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WordPress User Roles and Capabilities Overview

What Users Can and Cannot Do on a WordPress Blog

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WordPress bloggers can give multiple people access to their blogs and assign specific user roles to each person which controls what those users can and cannot do on the blog.

For example, some WordPress bloggers create a team blog where multiple writers create content for the blog. The blog owner might want to give those users the ability to create and immediately publish their posts. Alternately, she might want to give some users the ability to write posts but rather than publish those posts immediately, she might want to require them to submit their posts to her for review and publication. Thanks to WordPress user roles, she can assign roles with appropriate responsibilities to each user who has access to the blog's WordPress dashboard.

There are six user roles that you can assign to the people you want to be able to log into your WordPress dashboard to create and edit content or manage various aspects of your blog. They are described below in order of capabilities with the first being the user role with the most capabilities and the sixth being the user role with the fewest capabilities.

1. Super Admin:

The Super Admin role is only applicable for blogs that use the multisite feature available in the self-hosted WordPress 3.0 or higher. If you're not running a network of WordPress sites, this role won't be available through your WordPress installation. With this feature, a blog owner can use a single WordPress installation to manage a network of blogs. The Super Admin has access to all blogs in the network and can control every aspect of those blogs.

2. Administrator

The Administrator has access to all parts of the blog and has complete control over it. For example, the Administrator can write, edit, and publish posts and pages. She can manage plugins, edit themes and the blog layout, access the CSS files for the theme, and add or delete users. She can also manage comments, upload files, and more. Typically, the blog owner is the Administrator, but multiple users can be assigned the Administrator role. The Administrator has the ability to destroy the blog, so be careful who you give admin rights to!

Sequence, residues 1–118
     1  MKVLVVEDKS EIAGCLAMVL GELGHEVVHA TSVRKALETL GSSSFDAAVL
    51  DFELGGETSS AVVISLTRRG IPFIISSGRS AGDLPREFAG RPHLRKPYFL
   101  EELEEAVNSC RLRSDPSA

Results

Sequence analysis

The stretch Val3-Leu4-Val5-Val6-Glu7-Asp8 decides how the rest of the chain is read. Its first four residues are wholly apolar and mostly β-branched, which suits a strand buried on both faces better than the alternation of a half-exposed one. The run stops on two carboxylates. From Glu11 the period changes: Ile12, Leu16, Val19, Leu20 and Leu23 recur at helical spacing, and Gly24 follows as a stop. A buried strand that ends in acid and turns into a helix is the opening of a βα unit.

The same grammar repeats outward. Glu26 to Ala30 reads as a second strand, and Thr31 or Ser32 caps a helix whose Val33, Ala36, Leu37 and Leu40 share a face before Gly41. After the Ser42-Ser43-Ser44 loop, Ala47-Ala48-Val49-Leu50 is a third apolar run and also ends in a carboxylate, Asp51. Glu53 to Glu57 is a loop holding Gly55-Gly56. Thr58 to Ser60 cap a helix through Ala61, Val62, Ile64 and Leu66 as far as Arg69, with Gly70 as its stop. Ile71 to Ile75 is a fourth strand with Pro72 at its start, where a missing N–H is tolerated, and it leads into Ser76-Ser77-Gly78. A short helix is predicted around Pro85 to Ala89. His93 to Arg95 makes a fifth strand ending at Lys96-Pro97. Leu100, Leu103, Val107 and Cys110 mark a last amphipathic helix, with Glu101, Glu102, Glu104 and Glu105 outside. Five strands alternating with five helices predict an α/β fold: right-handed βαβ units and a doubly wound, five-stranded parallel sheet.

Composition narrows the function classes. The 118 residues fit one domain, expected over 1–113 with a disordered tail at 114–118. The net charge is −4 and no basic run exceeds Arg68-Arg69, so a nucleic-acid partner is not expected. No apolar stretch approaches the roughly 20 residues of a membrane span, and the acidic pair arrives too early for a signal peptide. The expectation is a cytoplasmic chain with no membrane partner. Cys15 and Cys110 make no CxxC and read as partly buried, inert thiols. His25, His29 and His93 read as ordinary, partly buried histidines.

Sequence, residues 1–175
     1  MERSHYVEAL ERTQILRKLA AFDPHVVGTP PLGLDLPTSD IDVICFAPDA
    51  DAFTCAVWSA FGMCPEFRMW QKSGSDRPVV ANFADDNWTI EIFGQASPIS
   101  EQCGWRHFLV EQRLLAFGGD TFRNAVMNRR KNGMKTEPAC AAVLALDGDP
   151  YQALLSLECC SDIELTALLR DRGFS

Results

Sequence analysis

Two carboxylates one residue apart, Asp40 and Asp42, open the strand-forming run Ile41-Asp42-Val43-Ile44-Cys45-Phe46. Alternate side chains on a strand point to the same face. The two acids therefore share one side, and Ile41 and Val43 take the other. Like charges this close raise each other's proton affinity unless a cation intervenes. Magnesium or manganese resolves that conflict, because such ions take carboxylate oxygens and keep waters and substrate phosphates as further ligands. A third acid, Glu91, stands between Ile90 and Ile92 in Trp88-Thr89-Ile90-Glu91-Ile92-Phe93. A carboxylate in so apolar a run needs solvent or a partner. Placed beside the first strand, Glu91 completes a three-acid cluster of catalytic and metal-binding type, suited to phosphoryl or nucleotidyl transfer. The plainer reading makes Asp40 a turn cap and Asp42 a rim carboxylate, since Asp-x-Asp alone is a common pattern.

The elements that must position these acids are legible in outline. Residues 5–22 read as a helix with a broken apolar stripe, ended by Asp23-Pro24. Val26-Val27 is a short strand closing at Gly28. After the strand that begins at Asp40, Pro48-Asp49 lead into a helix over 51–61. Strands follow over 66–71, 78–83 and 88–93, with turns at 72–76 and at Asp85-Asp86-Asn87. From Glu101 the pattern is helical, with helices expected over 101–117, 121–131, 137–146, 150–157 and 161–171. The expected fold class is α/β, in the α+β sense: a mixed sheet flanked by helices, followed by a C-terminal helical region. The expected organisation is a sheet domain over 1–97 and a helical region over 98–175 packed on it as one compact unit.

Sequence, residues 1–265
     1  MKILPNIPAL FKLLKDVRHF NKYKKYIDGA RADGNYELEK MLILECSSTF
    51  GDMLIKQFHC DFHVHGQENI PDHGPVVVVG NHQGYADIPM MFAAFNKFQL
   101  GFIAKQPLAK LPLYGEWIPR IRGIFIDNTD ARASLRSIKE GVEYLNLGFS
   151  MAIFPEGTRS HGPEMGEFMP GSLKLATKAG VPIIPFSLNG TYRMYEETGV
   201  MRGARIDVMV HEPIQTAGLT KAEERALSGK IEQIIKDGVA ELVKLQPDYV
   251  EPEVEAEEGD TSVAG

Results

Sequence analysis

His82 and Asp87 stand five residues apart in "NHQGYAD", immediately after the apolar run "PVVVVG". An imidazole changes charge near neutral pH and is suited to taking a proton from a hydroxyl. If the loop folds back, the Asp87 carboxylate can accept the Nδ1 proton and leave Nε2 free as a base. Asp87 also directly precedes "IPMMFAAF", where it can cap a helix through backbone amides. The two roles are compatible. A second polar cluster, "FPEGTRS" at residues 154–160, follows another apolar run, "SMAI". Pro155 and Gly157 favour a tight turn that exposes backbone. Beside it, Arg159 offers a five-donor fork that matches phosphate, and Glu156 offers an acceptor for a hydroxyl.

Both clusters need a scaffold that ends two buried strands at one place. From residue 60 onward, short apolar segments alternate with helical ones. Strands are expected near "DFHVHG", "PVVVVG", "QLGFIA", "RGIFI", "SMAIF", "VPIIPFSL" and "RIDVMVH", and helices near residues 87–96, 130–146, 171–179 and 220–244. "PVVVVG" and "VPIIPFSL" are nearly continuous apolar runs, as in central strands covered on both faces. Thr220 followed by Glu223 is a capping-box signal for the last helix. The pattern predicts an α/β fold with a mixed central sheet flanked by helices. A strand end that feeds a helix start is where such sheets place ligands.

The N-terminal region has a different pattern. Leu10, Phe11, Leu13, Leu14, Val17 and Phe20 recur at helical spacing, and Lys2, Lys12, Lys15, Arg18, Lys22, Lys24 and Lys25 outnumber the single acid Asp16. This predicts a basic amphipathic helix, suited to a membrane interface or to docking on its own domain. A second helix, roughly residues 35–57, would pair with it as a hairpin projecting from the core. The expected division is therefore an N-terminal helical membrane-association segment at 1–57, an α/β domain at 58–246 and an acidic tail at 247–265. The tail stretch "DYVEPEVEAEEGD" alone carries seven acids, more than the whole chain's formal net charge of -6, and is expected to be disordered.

3. Editor

The Editor can write, edit, and publish his own posts as well as other writers' posts. He can also create, edit, and delete pages as well as moderate comments and upload files. In other words, the Editor can manage all posts, pages, and comments on the blog, but he cannot do damage to the blog layout, theme, user accounts, CSS files, and so on.

4. Author

An Author can write, edit, and publish his own posts only. He cannot touch content created by any other user in the WordPress dashboard. Users assigned the Author role can also upload files, such as images to include in posts. The Author role is appropriate for team blog members that you trust to create and publish their own posts without your reviewing them prior to publication on your live blog.

5. Contributor

A Contributor can write and edit his own posts, but he cannot publish them. Instead, he must submit posts for review by an Editor or Administrator who will publish the posts to the live blog. Before he submits his posts for review, he can delete them. Furthermore, the Contributor cannot upload files to the blog, so he cannot add images to his posts either. This role is best for blogs that are managed in a very restrictive manner where the owner requires an Editor or Administrator to approve and revise each post, including adding acceptable images, prior to publication.

6. Subscriber

A Subscriber can create and manage a profile on a WordPress blog, but that's all he can do. The Subscriber role is useful for private blogs where the owner only wants certain people to be able to read the content on the blog or wants to keep specific content on the blog accessible only to registered subscribers.

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